And now, "Around The World"
For over a year, the Rev. Mr. Stacy
of Auburn, Me., and myself, have felt God calling us to take a tour among the mission
fields of the world. At last He has opened the way, and upon this, the first week of
October we start upon the journey. Crossing America, we shall leave San Francisco on the
steamer "Belgic," Oct. 21, and hope to arrive in Yokohama, Japan,
Nov. 8. We expect to visit China, India, Egypt, Palestine, Italy, and England, returning
home about the first week of April.
How pleasant to leave ones native land with such memories! First, I visited my dear old home, wandered through the orchard, down the pasture, along the familiar walks into the woods, and over the dear old fields. I looked at the schoolhouse and recalled the happy school days; at the church, and remembered the faithful men of God who used to tell the story of Jesus; at the dear old home with its precious memories, and within whose walls sat one, without whom, there can be no home. Last of all, upon the Lord's day, I preached in the old church, where Feb. 29, 1880, I had given my heart to God. What a flood of memories swept through my soul as I sat in the pulpit and looked into the familiar faces of neighbors and friends, who so kindly filled the church to welcome me. God bless them all! Next, I drove to Topsham, Me, and preached at 2.30 a.m. in that church, which will ever be so dear to me; the church in which I preached my first real sermon when I was solemnly set apart to the gospel ministry, and in which for three years, I honestly sought to be true to the eternal interests of men. Again my soul was flooded with pleasant memories. The house was filled. Here was one of the dear converts. There one of those faithful workers for God and the church. Yonder, one of those who had regularly attended the services, listened attentively, and been much interested but never publicly professed Christ. And how very pleasant to see dear friends from the other churches and many from Brunswick, as they came up the aisles of the church. And then in the evening to find the vestry packed, to hear once more the testimonies for Jesus to notice the spiritual growth, to grasp each friendly hand to hear nothing but kind words of welcome, how pleasant it all was to me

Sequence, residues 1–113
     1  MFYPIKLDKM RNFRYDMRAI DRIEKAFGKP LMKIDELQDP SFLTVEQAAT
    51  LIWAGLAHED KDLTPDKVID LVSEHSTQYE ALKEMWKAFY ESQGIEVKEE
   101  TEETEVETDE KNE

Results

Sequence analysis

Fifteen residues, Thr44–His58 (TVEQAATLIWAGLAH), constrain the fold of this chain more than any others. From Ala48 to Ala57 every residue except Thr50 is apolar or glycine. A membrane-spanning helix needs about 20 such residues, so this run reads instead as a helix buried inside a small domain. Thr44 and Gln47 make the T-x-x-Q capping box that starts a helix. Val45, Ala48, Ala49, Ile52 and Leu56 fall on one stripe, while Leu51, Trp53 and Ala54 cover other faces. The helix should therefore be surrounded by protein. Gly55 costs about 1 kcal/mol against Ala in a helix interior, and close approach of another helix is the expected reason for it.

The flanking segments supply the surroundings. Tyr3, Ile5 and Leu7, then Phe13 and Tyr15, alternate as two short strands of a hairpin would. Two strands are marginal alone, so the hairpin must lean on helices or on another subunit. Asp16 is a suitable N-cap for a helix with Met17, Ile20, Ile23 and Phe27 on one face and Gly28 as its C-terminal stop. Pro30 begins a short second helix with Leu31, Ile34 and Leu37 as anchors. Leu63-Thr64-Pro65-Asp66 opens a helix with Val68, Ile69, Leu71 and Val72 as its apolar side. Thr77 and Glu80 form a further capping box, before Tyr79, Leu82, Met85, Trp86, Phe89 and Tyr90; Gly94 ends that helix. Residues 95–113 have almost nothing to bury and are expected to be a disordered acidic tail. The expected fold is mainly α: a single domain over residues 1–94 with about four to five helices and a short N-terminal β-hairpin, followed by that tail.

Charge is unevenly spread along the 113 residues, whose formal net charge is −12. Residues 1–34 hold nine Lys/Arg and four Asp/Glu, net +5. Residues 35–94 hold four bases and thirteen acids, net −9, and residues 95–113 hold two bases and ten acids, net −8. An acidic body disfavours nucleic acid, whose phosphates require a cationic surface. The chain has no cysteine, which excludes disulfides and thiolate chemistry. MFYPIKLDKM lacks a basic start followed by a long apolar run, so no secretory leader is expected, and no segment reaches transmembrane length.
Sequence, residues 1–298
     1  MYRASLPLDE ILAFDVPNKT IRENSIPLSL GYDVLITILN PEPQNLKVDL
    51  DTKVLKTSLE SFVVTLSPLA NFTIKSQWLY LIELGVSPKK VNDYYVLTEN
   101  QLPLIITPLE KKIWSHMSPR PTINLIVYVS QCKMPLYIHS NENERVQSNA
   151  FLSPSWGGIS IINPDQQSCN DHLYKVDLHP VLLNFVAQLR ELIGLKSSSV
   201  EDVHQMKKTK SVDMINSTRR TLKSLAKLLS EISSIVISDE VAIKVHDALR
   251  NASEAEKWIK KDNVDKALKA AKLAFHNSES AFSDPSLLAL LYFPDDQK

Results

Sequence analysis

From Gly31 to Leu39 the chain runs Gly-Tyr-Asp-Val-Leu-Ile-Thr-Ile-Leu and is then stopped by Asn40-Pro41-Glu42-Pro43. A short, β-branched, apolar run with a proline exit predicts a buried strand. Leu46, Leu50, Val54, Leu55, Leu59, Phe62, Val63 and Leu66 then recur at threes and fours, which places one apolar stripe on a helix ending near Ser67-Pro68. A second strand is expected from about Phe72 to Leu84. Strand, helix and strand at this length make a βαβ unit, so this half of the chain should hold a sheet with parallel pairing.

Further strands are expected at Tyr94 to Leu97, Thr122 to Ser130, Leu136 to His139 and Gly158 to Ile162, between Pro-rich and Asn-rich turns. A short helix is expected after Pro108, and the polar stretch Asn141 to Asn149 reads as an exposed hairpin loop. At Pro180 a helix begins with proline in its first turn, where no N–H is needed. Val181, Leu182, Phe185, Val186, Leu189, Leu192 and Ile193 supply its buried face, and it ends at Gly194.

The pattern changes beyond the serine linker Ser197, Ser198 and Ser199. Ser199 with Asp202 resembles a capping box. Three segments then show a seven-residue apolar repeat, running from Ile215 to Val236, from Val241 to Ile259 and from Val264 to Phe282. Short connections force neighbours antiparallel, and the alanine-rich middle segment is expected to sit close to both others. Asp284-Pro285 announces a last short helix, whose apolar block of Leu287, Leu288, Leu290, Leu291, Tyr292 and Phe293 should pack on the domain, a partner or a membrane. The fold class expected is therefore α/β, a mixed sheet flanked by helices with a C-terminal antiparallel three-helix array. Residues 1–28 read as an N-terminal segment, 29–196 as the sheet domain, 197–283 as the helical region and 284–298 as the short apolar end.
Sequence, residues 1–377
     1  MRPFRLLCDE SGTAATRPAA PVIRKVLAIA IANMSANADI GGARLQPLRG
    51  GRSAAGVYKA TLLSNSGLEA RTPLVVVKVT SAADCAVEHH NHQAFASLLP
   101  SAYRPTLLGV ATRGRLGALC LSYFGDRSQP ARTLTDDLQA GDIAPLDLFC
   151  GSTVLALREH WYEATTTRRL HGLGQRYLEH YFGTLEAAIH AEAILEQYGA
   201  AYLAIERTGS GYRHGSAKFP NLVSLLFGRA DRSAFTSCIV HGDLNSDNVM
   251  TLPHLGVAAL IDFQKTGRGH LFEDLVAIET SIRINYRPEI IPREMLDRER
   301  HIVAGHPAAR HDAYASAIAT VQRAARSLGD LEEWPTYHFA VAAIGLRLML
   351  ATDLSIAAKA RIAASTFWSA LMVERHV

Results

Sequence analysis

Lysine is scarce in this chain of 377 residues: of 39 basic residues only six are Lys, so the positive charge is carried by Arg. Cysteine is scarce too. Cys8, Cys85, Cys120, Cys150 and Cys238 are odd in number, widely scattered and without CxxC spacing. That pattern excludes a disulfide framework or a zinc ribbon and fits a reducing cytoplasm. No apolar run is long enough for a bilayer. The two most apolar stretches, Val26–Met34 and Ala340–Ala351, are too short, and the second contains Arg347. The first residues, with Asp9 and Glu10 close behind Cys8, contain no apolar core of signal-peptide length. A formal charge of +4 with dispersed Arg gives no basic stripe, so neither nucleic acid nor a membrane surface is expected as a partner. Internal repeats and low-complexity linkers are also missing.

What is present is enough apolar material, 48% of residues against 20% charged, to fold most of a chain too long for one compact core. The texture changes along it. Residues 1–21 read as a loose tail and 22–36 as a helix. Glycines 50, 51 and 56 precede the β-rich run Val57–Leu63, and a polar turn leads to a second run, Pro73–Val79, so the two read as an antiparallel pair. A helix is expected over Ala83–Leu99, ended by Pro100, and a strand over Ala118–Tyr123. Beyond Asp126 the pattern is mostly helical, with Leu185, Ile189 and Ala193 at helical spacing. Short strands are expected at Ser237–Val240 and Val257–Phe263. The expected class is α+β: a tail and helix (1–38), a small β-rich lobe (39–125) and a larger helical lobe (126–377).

Then I return to my own dear church in Great Falls, and on the following Sabbath preached my farewell sermon.